Data Science for Newbies: An Introductory Tutorial Series for Software Engineers
This post summarizes and links to the individual tutorials which make up this introductory look at data science for newbies, mainly focusing on the tools, with a practical bent, written by a software engineer from the perspective of a software engineering approach.
By Harris Brakmić, Software Engineer.
Editor's note: This is an overview of a multi-part tutorial on data science for newbies. The author has given the series a different -- tongue-in-cheek -- title; take it in stride and recognize that the series' approach and content is a fresh look at getting started with various aspects of data science from a software engineering perspective.
The PySpark console.
To do some serious statistics with Python one should use a proper distribution like the one provided by Continuum Analytics. Of course, a manual installation of all the needed packages (Pandas, NumPy, Matplotlib etc.) is possible but beware the complexities and convoluted package dependencies. In this article we’ll use the Anaconda Distribution. The installation under Windows is straightforward but avoid the usage of multiple Python installations (for example, Python3 and Python2 in parallel). It’s best to let Anaconda’s Python binary be your standard Python interpreter.
Patterns are everywhere but many of them can’t be immediately recognized. This is one of the reasons why we’re digging deep holes in our databases, data warehouses, and other silos. In this article we’ll use a few more methods from Pandas’ DataFrames and generate plots. We’ll also create pivot tables and query an MS SQL database via ODBC. SqlAlchemy will be our helper in this case and we’ll see that even Losers like us can easily merge and filter SQL tables without touching the SQL syntax. No matter the task you always need a powerful tool-set in the first place. Like the Anaconda Distribution which we’ll be using here. Our data sources will be things like JSON files containing reddit comments or SQL-databases like Northwind. Many 90’es kids used Northwind to learn SQL.
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So, let’s talk about a few features from Pandas I’ve forgot to mention in the last two articles.
By its own definition Spark is a fast, general engine for large-scale data processing. Well, someone would say: but we already have Hadoop, so why should we use Spark? Such a question I’d answer with a remark that Hadoop is EJB reinvented and that we need something more flexible, more general, more expandable and…much faster than MapReduce. Spark handles both batch and streaming processing at a very fast rate.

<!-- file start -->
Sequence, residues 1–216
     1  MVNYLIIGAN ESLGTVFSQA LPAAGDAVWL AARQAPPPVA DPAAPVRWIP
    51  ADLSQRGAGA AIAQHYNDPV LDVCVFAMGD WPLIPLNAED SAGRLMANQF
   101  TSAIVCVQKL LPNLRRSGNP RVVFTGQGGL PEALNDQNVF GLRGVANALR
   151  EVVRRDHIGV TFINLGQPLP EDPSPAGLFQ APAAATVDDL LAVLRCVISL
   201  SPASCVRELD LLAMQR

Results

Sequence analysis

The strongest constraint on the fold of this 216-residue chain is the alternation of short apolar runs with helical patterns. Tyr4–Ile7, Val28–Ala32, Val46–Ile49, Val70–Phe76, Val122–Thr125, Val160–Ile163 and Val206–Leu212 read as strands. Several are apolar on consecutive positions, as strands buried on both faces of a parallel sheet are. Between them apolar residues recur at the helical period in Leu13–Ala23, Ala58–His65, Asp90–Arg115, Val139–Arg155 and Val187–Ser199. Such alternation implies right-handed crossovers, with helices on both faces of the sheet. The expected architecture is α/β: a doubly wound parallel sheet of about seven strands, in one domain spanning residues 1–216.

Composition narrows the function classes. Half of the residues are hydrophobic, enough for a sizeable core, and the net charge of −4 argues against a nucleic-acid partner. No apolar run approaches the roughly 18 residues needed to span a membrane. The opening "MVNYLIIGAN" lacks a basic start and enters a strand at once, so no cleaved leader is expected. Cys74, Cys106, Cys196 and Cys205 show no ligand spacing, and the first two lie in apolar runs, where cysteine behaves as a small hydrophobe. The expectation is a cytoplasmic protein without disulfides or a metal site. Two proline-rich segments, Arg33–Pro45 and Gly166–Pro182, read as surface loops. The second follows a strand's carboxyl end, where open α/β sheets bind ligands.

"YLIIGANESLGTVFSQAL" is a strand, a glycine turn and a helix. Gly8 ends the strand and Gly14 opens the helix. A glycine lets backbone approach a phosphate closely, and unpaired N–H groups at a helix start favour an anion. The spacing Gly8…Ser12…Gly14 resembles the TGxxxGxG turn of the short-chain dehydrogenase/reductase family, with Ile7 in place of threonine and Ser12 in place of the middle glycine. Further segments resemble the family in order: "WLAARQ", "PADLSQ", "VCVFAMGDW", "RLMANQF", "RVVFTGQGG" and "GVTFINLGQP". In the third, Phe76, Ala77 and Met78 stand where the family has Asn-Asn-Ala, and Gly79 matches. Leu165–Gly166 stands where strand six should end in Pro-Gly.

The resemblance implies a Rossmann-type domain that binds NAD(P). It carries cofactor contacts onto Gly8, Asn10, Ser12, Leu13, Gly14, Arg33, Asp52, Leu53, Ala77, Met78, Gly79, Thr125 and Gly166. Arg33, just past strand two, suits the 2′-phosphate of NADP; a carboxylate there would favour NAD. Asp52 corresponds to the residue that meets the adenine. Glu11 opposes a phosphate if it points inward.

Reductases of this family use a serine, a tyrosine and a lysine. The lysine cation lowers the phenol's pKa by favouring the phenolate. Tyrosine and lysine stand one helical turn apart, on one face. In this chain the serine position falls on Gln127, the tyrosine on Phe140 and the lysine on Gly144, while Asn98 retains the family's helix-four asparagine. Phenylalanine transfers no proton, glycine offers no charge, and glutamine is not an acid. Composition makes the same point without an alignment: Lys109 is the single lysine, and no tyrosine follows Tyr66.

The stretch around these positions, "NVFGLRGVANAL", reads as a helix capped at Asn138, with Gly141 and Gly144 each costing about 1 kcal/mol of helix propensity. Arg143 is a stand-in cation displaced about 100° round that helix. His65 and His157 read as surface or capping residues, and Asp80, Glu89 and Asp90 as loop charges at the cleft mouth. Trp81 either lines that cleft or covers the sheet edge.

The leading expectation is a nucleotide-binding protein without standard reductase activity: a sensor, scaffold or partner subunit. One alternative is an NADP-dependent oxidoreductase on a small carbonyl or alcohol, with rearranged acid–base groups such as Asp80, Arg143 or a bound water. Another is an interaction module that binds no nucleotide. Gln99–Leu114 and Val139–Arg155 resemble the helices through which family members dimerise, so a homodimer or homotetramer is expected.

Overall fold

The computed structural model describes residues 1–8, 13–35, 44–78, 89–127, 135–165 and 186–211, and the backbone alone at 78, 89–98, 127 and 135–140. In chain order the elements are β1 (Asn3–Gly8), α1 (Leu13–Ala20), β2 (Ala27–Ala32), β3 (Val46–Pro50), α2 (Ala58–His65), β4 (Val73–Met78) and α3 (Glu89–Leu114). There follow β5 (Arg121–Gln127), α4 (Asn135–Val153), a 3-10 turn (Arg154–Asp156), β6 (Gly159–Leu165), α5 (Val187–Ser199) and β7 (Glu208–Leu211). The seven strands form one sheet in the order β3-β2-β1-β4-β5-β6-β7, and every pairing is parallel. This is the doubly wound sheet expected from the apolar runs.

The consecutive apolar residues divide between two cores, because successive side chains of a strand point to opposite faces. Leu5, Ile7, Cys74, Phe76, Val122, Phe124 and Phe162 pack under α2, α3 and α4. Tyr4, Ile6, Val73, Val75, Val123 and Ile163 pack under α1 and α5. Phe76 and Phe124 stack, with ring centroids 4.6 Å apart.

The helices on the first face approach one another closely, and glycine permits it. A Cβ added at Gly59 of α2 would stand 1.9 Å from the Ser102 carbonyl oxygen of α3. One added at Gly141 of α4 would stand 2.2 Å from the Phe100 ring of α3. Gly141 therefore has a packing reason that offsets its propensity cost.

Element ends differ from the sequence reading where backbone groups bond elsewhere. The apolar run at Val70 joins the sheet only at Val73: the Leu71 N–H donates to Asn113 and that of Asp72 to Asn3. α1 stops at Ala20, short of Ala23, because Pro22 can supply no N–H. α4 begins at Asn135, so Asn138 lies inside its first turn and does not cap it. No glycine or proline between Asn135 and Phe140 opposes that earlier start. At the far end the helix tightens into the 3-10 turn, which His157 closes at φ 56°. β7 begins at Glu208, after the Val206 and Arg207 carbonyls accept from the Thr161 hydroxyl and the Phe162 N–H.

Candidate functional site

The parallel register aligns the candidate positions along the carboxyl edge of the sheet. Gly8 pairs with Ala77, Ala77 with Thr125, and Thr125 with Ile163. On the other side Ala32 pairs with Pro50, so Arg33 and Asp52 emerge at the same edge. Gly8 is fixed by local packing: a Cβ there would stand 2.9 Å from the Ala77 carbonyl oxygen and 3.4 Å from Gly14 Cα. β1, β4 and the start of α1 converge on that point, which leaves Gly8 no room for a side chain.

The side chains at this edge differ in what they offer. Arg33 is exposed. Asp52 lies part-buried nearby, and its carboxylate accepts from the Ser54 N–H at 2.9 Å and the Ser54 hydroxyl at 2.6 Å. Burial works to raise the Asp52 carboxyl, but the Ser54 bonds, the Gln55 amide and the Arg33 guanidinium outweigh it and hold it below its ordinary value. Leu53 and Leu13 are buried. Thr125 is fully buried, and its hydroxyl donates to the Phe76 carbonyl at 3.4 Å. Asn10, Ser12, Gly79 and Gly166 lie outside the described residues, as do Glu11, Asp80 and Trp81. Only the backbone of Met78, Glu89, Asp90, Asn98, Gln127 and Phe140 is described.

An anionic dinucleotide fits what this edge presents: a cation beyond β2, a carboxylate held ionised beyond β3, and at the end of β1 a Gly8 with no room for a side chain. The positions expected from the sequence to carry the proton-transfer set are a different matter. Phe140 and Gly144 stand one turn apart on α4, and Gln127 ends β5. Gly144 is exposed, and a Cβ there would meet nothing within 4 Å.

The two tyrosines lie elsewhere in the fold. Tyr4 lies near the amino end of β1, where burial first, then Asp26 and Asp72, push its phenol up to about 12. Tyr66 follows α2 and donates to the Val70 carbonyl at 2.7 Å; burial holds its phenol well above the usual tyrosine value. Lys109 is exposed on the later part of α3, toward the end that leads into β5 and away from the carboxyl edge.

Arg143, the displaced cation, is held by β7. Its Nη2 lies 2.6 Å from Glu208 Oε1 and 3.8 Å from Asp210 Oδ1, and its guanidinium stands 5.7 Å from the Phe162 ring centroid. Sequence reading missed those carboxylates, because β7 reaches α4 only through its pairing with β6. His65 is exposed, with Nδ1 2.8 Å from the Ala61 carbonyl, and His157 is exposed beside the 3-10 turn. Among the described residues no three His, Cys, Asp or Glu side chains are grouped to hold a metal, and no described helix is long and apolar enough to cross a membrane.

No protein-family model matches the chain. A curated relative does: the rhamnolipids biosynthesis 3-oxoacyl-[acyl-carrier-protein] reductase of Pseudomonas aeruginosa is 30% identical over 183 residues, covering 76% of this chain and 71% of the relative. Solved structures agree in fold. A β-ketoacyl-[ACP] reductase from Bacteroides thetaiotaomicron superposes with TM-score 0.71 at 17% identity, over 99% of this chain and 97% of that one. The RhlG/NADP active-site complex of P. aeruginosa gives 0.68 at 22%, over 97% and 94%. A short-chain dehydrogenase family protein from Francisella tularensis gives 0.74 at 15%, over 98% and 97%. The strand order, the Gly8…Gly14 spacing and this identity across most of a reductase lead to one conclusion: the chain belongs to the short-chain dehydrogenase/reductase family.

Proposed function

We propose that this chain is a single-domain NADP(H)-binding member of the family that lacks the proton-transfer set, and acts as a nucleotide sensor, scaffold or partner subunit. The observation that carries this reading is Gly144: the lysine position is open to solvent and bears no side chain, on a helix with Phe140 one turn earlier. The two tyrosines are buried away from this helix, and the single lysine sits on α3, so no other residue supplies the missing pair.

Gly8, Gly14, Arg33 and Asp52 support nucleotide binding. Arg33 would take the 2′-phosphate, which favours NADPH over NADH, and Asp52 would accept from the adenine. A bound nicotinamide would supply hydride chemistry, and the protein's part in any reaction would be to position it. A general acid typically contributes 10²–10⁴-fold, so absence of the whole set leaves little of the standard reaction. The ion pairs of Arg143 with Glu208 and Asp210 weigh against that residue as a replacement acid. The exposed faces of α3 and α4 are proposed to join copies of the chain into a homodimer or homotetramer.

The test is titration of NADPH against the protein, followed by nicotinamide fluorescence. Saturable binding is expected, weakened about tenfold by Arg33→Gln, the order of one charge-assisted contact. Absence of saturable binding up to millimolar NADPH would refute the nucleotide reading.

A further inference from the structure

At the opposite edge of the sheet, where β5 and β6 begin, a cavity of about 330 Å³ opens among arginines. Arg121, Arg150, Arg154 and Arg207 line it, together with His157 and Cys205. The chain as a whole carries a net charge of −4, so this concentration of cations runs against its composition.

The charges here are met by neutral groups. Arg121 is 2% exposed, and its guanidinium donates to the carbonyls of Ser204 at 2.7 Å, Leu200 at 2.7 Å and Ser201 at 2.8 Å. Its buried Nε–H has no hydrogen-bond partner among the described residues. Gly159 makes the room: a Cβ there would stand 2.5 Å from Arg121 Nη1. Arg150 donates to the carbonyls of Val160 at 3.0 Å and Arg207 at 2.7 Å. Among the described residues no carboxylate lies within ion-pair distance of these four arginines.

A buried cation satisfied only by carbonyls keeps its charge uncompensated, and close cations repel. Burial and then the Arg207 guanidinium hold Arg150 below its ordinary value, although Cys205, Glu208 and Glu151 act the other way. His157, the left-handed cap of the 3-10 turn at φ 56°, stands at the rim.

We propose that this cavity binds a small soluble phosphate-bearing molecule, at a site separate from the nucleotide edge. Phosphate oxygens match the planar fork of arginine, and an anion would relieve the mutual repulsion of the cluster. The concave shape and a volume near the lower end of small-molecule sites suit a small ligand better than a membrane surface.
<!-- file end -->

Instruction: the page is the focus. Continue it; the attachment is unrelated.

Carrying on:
From my non-scientist perspective I’d define ML as a subset of the Artificial Intelligence research which develops self-learning (or self-improving?) algorithms that try to gain knowledge from data and make predictions based on it. However, ML is not only reserved for academia or some “enlightened circles”. We use ML every day without being aware of its existence and usefulness. A few examples of ML in the wild would be: spam filters, speech-recognition software, automatic text-analysis, “intelligent game characters”, or the upcoming self-driving cars. All these entities make decisions based on some ML algorithms.
DataFrames in the Spark stack.
Before we start using DataFrames we first have to prepare our environment which will run in Jupyter (formerly known as “IPython”). After you’ve downloaded and unpacked the Spark Package you’ll find some important Python libraries and scripts inside the python/pyspark directory. These files are used, for example, when you start the PySpark REPL in the console. As you may know, Spark supports Java, Scala, Python and R. Python-based REPL called PySpark offers a nice option to control Spark via Python scripts
In this article we’ll explore Microsoft’s Azure Machine Learning environment and how to combine Cloud technologies with Python and Jupyter. As you may know I’ve been extensively using them throughout this article series so I have a strong opinion on how a Data Science-friendly environment should look like. Of course, there’s nothing against other coding environments or languages, for example R, so your opinion may greatly differ from mine and this is fine. Also AzureML offers a very good R-support! So, feel free to adapt everything from this article to your needs. And before we begin, a few words about how I came to the idea to write about Azure and Data Science.
While finishing my Data Science and ML Essentials course, I discovered that Azure ML has a built-in support for Jupyter and Python which, of course, made it very interesting to me because it makes Azure ML an ideal ground for experimentation. They even call one of their working areas “Experiments” so one can expect good Python (and R) support and many cool off-the-shelf modules. Being no different than other tech-enthusiasts I quickly decided to write an article describing some of the key parts of Azure ML.
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